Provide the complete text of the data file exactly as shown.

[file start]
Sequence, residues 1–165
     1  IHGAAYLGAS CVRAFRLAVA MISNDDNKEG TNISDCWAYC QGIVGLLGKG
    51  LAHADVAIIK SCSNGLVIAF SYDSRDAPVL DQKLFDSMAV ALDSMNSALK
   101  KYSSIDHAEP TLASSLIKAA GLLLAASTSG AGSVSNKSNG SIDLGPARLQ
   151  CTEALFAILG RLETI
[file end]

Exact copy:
Sequence, residues 1–165
     1  IHGAAYLGAS CVRAFRLAVA MISNDDNKEG TNISDCWAYC QGIVGLLGKG
    51  LAHADVAIIK SCSNGLVIAF SYDSRDAPVL DQKLFDSMAV ALDSMNSALK
   101  KYSSIDHAEP TLASSLIKAA GLLLAASTSG AGSVSNKSNG SIDLGPARLQ
   151  CTEALFAILG RLETI